But, of course, it [Genesis] was constantly evolving and changing over a long period of time. And live, it borrows from all the years, because you can’t afford to not celebrate the era that produced “Los Endos,” for instance … the ’76 era. I do it in my set, live. I’ll always do it. It was a song that came out as a doodle on acoustic guitars that I had. Phil does it with his big band. Genesis still do it. If there ever was a reformation ... and God knows when the next reformation will ever be, because Phil’s extremely physically challenged these days, He finds it hard to grip a pen, never mind a drumstick. So we don’t really know what the future’s gonna hold for all that. All I can say is that the music lives on. And I’m very happy to play some of those old favorites for the audience.
What did you think of the introduction speech that Trey of Phish gave for you guys? That was quite wonderful.
SH: That was! That was wonderful in terms of celebrating the early stuff and giving me personally a plug, which I’m very grateful for him to have done.
It was a very emotional evening for all sorts of reasons. I think it found a focus for me when Jimmy Cliff [fellow inductee] was singing “Many Rivers To Cross.” And I noticed suddenly there were many people with tears in the their eyes. And that became an emblem, really, for the whole evening, I think. All that wealth of talent, wealth of ideas, and for all the stiff formality at the beginning of the evening, the place was rocking and people were genuinely moved, and the real spirit was absolutely bloody well there.
It was like they became fans themselves.
SH: We became fans all over again for each other, and I think that was great.
And hearing Ronnie Spector ...“Be My Baby.” In the early ’60s ... I remember the sweetness of that song at the time. That was heard at local dances, where I remember [once] a fight breaking out when that music was on. Seeing young guys fighting, knocking each other out. A young kid whose face was a mask of blood. Meanwhile the sweetness of the music and the whole kind of being young and macho in the early ’60s. It brought it all back to me.
And again I was in tears listening to “Many Rivers To Cross.” It was just so good. It was everything. It was anthemic. It was powerful. He sang it wonderfully with that beautiful tenor voice. And it was sort of like he sang to each one of us, you know. It was gospel. It was divine. Yes, it was a throwaway song, but there’s something about hearing something with young ears — or whatever it was that moved you when you were 13 or 14 — nothing can analyze the alchemy from performer to listener that goes on, the pure magic of that where you just see everything in that song. You can sort of taste the marzipan, the hint of romance to come, because at that age, you are really ready for it, unless you are some incredible Casanova. It’s the world of girls, on the other side of the dance floor, and it’s possible to talk to the other race on earth. You’re not ready for it, yet you desperately want to be able to cross that divide. So those two songs did it for me, I must admit. And I saw Phil bobbing away. I know he wants to be up on stage doing this. I know despite what he might say. You can’t tell me when you are presented with that. I’m sure Phil will get up on stage and do something again in the future.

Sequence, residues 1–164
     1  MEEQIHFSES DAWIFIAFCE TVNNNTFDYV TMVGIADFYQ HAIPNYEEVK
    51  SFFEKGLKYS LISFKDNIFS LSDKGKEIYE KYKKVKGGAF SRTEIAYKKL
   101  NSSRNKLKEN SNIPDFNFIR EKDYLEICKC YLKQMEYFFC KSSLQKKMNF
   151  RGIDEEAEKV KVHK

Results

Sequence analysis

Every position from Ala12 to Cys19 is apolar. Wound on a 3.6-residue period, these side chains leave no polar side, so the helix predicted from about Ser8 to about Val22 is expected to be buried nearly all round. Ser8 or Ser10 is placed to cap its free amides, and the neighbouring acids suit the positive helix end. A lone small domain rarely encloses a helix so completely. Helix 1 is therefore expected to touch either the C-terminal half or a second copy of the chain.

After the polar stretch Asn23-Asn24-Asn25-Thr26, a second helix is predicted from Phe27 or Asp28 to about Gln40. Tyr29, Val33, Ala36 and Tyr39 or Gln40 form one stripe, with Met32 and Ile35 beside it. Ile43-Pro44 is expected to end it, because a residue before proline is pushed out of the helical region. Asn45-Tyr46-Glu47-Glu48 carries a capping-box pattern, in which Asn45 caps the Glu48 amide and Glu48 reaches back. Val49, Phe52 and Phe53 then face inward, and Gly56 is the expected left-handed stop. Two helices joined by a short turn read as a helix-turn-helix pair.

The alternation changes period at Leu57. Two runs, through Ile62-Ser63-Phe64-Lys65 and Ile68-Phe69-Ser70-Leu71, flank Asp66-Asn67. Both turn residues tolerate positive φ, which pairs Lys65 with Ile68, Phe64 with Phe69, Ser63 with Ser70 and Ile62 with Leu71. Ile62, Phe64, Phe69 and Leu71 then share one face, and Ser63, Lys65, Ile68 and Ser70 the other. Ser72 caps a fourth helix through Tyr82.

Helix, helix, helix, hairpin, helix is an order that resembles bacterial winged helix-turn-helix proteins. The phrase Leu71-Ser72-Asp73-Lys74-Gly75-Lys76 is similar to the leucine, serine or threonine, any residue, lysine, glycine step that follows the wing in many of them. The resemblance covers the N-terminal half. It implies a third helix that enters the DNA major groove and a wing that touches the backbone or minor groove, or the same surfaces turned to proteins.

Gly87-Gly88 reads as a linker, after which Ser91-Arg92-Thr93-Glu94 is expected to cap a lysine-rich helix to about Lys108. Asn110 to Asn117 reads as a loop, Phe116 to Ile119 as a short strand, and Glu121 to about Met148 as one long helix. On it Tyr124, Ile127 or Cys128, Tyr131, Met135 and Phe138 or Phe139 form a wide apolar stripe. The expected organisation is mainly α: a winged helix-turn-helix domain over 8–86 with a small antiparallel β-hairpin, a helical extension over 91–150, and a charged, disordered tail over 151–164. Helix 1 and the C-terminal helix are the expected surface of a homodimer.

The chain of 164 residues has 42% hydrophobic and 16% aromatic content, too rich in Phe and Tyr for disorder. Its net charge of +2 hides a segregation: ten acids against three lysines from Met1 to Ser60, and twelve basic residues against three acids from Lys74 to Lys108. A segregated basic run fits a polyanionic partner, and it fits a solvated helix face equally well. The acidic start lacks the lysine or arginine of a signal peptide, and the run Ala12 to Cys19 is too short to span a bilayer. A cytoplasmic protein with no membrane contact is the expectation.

I heard people were asking in the press room ‘Why didn’t Genesis play?’ But it was obvious it was impossible because of Phil’s condition.
SH: Neither of the singers were in any position to play or sing. I think Pete was off rehearsing his orchestral thing. And Phil, obviously ... physically, he’s really challenged. But I’m sure that voice is still there, and I really hope he’ll be strong enough to be able to play drums again, because you’re talking about a guy who is probably the best drummer on the planet. And the idea that he can be retired before his time is just some cruel cosmic joke. It’s humbling. I must say, that when I was talking to Phil, he seemed more open and warmer than ever before. We were talking at length, and I was fascinated to hear what he was doing, which was the album of covers.
I want to talk about that “plug” you were talking about, by Trey Anastasio. He went out of his way to say something about the influence your technique has had on others. He added that it influenced musicians like Eddie Van Halen, people you would not expect.
SH: I know. It’s not something that came up by accident. One day I was trying to play a classical phrase. I wasn’t even trying to play the piece properly, and I realized the only way I could play it was hammering on and off. And the album “Nursery Cryme” features at least two tracks that have tapping on them, “The Musical Box” and “The Return of the Giant Hogweed,” most of which are all products of their time, of course. Nonetheless, it showed what you can do with that. And I was using that technique much faster by the time we were doing 1973’s “Selling England by the Pound.”